We expected Biden to immediately start unraveling Trump’s confrontational policies, but catering to Cuban exiles in Florida for domestic political gain apparently takes precedence over a humane and rational policy towards Cuba, for Biden as for Trump.

Biden should instead start working with the Cuban government to allow the return of diplomats to their respective embassies, lift all restrictions on remittances, make travel easier, and work with the Cuban health system in the fight against COVID-19, among other measures.

6. Ramping up the Cold War with China. Biden seems committed to Trump’s self-defeating Cold War and arms race with China, talking tough and ratcheting up tensions that have led to racist hate crimes against East Asian people in the United States.

But it is the United States that is militarily surrounding and threatening China, not the other way round. As former President Jimmy Carter patiently explained to Trump, while the United States has been at war for 20 years, China has instead invested in 21st century infrastructure and in its own people, lifting 800 million of them out of poverty.

The greatest danger of this moment in history, short of all-out nuclear war, is that this aggressive U.S. military posture not only justifies unlimited U.S. military budgets, but will gradually force China to convert its economic success into military power and follow the United States down the tragic path of military imperialism.

7. Failing to lift painful, illegal sanctions during a pandemic. One of the legacies of the Trump administration is the devastating use of U.S. sanctions on countries around the world, including Iran, Venezuela, Cuba, Nicaragua, North Korea and Syria. UN special rapporteurs have condemned them as crimes against humanity and compared them to medieval sieges.

Since most of these sanctions were imposed by executive order, President Biden could easily lift them. Even before taking power, his team announced a thorough review, but, three months later, it has yet to make a move.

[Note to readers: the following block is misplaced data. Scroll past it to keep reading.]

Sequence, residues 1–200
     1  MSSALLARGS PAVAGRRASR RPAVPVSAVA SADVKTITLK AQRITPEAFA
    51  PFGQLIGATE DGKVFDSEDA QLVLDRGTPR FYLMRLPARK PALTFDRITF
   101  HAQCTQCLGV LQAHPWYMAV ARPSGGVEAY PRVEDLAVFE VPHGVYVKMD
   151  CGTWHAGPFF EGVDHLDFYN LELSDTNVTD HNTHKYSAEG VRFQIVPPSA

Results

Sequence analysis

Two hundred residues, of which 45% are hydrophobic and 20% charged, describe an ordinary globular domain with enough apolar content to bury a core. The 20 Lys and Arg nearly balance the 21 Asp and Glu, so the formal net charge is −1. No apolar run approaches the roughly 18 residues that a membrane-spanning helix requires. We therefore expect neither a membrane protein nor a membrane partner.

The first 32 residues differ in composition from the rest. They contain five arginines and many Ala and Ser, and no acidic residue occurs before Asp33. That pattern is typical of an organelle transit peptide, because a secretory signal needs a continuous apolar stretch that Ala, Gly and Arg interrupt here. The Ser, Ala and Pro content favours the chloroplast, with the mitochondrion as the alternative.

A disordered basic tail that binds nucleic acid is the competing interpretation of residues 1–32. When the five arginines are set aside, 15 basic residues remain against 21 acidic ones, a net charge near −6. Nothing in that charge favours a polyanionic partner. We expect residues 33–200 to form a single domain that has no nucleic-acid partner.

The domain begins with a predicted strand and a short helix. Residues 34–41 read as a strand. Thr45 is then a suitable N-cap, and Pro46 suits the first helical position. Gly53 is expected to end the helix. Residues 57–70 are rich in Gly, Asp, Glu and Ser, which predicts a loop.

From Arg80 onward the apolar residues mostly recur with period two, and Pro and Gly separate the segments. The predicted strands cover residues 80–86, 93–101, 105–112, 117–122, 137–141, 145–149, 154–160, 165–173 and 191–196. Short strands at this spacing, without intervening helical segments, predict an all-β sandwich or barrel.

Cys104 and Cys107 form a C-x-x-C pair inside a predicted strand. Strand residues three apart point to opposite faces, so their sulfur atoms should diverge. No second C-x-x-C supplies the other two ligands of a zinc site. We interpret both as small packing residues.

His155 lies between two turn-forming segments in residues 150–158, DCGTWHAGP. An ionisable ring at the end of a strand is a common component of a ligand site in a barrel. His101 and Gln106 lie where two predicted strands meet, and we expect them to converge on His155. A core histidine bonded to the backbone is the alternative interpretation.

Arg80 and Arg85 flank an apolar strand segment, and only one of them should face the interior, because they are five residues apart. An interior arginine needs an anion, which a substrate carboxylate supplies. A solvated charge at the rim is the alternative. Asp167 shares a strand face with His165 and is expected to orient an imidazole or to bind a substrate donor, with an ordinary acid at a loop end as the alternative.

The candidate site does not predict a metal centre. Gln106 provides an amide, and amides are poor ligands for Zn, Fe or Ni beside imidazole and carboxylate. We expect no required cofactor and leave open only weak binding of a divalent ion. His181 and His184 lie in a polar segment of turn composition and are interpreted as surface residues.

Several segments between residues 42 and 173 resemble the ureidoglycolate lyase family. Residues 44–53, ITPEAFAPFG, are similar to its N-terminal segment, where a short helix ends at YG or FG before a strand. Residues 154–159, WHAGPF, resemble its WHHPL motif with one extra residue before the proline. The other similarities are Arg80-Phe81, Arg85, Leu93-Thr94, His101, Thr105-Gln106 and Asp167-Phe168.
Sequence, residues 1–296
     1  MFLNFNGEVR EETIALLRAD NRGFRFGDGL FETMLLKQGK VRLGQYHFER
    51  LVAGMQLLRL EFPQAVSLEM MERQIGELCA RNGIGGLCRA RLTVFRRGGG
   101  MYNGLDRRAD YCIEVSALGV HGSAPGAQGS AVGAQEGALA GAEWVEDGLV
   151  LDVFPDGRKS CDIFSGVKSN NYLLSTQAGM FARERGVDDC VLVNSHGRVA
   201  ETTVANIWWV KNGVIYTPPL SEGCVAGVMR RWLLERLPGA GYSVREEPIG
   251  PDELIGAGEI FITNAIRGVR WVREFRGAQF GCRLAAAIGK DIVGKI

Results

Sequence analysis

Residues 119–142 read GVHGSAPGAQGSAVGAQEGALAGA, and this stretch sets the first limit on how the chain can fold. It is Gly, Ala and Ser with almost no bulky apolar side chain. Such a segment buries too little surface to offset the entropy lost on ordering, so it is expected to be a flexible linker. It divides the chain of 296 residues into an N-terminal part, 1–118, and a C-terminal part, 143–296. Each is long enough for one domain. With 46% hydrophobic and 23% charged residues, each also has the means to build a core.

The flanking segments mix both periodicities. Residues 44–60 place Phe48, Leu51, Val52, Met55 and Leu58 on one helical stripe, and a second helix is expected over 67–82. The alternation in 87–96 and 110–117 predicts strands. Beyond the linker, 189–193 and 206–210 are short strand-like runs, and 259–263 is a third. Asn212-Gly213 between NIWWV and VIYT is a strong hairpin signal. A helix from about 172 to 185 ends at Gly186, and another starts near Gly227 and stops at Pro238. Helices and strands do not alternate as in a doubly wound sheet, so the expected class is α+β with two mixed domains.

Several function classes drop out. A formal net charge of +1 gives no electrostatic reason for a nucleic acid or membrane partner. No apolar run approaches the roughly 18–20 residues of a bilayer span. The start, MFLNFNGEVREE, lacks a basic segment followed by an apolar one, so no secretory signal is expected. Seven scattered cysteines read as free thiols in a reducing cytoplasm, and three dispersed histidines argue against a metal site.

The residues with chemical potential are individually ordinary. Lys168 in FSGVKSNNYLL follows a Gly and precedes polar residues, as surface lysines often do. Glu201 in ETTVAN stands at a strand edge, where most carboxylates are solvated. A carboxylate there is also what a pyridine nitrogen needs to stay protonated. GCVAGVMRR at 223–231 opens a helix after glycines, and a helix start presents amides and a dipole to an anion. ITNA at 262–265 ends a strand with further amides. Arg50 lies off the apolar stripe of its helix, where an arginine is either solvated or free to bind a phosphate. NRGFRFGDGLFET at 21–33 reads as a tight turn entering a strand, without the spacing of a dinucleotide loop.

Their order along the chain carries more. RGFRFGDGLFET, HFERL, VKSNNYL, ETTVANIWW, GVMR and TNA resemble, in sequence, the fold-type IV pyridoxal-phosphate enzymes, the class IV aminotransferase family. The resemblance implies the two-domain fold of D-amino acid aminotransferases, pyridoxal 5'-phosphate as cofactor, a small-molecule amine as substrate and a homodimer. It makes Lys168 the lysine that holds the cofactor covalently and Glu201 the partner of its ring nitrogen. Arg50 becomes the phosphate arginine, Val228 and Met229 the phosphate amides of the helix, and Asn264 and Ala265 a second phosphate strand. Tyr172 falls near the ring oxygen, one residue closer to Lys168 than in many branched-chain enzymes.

Unilateral sanctions that affect entire populations are an illegal form of coercion, like military intervention, coups and covert operations, that have no place in a legitimate foreign policy based on diplomacy, the rule of law and the peaceful resolution of disputes. They are especially cruel and deadly during a pandemic and the Biden administration should take immediate action by lifting broad sectoral sanctions to ensure every country can adequately respond to the pandemic.

8. Not doing enough to support peace and humanitarian aid for Yemen. Biden appeared to partially fulfill his promise to stop U.S. support for the war in Yemen when he announced that the U.S. would stop selling “offensive” weapons to the Saudis. But he has yet to explain what that means. Which weapons sales has he cancelled?

We think he should stop ALL weapons sales to Saudi Arabia and the UAE, enforcing the Leahy Law that prohibits military assistance to forces that commit gross human rights violations, and the Arms Export Control Act, under which imported U.S. weapons may be used only for legitimate self defense. There should be no exceptions to these U.S. laws for Saudi Arabia, the UAE, Israel, Egypt or other U.S. allies around the world.

The U.S. should also accept its share of responsibility for what many have called the greatest humanitarian crisis in the world today, and provide Yemen with funding to feed its people, restore its health care system and rebuild its devastated country. A recent donor conference netted just $1.7 billion in pledges, less than half the $3.85 billion needed. Biden should restore and expand USAID funding and U.S. financial support to the UN, WHO and World Food Program relief operations in Yemen. He should also press the Saudis to reopen the air and seaports, and throw U.S. diplomatic weight behind the efforts of U.N. Special Envoy Martin Griffiths to negotiate a ceasefire.